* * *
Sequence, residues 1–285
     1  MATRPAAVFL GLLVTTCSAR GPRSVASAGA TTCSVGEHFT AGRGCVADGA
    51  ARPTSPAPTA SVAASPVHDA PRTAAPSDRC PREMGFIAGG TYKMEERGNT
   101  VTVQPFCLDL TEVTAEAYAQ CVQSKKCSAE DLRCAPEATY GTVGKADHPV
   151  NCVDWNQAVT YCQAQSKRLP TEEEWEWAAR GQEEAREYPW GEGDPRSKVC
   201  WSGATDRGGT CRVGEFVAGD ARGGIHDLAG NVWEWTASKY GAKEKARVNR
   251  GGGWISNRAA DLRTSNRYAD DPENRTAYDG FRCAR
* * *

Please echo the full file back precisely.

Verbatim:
Sequence, residues 1–285
     1  MATRPAAVFL GLLVTTCSAR GPRSVASAGA TTCSVGEHFT AGRGCVADGA
    51  ARPTSPAPTA SVAASPVHDA PRTAAPSDRC PREMGFIAGG TYKMEERGNT
   101  VTVQPFCLDL TEVTAEAYAQ CVQSKKCSAE DLRCAPEATY GTVGKADHPV
   151  NCVDWNQAVT YCQAQSKRLP TEEEWEWAAR GQEEAREYPW GEGDPRSKVC
   201  WSGATDRGGT CRVGEFVAGD ARGGIHDLAG NVWEWTASKY GAKEKARVNR
   251  GGGWISNRAA DLRTSNRYAD DPENRTAYDG FRCAR